A while back, I bought this 50-movie set, Sci-Fi Invasion, for five bucks. That adds up to ten cents per movie. This movie, Life Returns, was made in 1934. A disclaimer at the beginning of the film states that it contains real footage of a scientific experiment in which a dead animal was, in fact, brought back to life. This should be… interesting.
Here’s what happens: It’s the story of Dr. John Kendrick, a scientist fresh with a singular goal to prove that bringing the dead back to life is possible. Everyone wants him to use his genius for practical applications, but he just won’t give up on his dream. He’s then separated from his son due to his crazy talk about death, and there’s a ton of father/son melodrama.
Speculative spectacle: Eventually, it all leads to the big scene, incredibly creepy real-life footage in which doctors attempt to bring a dog back from the dead, after it had been gassed at the pound. This is not a scene for animal lovers.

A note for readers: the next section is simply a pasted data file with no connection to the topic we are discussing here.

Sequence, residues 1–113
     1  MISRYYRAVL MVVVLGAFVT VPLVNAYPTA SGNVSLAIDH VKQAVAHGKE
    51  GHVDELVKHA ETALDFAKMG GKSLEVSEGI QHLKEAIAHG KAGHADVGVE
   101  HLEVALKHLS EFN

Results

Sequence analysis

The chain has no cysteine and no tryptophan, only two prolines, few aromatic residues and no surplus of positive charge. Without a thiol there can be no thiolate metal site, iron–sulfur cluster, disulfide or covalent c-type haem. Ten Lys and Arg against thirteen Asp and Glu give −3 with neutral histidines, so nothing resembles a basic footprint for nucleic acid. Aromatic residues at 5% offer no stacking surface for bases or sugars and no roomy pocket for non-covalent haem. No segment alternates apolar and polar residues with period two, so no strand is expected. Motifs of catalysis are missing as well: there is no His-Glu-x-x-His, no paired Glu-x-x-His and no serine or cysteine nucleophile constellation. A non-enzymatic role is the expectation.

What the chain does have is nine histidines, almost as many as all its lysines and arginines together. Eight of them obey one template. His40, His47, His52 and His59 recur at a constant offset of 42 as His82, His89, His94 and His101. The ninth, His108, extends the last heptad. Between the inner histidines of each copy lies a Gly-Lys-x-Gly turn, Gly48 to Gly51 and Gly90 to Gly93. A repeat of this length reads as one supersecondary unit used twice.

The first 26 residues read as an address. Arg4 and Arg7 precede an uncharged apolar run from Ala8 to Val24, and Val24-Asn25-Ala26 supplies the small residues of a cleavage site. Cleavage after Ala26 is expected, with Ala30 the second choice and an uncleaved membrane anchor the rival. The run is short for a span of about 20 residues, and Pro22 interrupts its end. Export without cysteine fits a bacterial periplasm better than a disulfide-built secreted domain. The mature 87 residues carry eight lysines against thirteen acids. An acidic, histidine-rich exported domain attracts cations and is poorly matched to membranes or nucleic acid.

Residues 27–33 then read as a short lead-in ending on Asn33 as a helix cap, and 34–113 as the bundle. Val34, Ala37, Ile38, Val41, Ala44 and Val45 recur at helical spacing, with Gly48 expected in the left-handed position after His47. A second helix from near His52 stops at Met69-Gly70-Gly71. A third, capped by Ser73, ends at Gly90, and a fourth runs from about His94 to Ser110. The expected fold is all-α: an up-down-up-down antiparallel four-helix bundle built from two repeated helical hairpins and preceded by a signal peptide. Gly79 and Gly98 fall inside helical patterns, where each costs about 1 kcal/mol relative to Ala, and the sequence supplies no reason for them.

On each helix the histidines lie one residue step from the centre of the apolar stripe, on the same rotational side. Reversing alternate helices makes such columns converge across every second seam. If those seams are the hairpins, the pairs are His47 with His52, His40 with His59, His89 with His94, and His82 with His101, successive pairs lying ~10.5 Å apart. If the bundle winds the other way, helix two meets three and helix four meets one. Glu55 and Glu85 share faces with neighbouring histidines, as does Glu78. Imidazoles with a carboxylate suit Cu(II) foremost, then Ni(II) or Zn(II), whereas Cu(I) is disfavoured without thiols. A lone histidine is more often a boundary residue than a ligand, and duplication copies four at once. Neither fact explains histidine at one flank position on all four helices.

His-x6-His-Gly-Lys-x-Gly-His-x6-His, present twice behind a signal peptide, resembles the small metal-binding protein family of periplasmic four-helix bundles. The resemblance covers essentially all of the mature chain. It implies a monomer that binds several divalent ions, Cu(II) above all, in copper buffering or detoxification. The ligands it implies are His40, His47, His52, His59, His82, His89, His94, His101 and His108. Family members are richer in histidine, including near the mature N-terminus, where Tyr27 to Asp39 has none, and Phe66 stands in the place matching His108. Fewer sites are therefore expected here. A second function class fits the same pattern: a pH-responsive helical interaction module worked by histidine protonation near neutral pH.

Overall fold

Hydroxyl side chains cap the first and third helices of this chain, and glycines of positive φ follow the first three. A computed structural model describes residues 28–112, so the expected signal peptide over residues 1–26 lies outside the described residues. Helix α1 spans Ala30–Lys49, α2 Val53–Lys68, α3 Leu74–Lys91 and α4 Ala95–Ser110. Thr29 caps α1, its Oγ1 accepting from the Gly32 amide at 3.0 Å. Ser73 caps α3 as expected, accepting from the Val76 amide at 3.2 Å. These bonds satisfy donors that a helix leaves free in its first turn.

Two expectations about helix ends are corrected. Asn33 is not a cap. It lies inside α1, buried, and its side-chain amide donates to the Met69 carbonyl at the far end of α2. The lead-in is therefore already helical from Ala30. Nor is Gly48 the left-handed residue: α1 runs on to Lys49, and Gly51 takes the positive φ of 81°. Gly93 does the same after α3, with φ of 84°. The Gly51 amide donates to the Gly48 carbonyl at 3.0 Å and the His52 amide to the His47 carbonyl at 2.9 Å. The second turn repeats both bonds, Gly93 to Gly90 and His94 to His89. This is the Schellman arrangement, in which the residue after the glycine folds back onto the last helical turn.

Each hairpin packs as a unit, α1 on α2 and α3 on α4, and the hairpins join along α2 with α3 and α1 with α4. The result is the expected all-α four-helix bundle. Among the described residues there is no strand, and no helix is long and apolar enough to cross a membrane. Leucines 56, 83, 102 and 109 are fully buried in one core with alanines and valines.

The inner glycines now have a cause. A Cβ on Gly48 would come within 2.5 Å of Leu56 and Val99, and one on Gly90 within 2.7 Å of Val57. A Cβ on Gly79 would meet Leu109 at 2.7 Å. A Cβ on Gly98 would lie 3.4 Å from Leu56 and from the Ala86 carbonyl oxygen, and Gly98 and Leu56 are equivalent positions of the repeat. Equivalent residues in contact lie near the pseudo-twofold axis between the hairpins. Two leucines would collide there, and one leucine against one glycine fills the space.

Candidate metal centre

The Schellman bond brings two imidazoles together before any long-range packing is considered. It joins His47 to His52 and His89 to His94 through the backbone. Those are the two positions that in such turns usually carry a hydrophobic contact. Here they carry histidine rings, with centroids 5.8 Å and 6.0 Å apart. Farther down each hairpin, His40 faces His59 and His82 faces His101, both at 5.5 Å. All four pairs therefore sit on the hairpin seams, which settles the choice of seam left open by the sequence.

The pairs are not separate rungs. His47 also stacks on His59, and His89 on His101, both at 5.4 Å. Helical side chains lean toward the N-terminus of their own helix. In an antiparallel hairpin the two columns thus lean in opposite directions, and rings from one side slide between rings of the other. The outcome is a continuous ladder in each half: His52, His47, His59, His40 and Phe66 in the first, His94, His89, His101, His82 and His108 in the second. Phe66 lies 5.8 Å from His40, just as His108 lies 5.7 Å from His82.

Sleaze factor: A headline reads, “Well-known scientist to wed socialite.” Tabloid scandal!
Quantum quotables: “I have the formula to get the heart circulating again, and with it breath, and with it life!”
What the felgercarb? We spend a lot of time with Kendrick’s son, after they’re separated and the kid is put in juvenile hall, which in this movie looks like something out of Oliver Twist. The boys embark on a wacky comedy adventure to free dogs from the pound, at which point I say, “I thought this was a sci-fi movie.”
Microcosmic minutiae: Kendrick is a fictional character. The real dude was Dr. Robert E. Cornish. The real-life surgery footage was recorded on May 22, 1934, in Berkeley, Calif. Somehow, the footage got into the hands of these filmmakers, and there we go.
Worth ten cents? Yeah, let’s take some incredibly creepy footage of guys experimenting on a dead dog, and build a heartwarming father/son drama around it. Only in Hollywood, I guess.
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